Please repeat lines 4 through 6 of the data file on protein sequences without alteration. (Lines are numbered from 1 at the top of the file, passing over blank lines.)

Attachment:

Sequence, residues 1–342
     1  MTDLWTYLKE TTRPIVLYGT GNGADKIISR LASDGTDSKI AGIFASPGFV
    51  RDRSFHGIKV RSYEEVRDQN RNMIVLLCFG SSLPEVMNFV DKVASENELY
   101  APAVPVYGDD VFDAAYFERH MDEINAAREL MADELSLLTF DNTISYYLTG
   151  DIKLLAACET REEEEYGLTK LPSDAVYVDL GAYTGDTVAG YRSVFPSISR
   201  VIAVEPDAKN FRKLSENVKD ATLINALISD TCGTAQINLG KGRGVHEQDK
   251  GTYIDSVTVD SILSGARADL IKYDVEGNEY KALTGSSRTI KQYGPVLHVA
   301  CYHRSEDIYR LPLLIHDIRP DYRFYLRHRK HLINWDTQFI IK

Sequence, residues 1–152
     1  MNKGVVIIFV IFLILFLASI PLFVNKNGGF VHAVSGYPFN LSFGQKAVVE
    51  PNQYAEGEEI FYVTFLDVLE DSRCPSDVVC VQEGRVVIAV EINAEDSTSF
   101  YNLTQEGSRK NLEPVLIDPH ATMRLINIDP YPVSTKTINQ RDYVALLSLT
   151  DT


   101  APAVPVYGDD VFDAAYFERH MDEINAAREL MADELSLLTF DNTISYYLTG
   151  DIKLLAACET REEEEYGLTK LPSDAVYVDL GAYTGDTVAG YRSVFPSISR
   201  VIAVEPDAKN FRKLSENVKD ATLINALISD TCGTAQINLG KGRGVHEQDK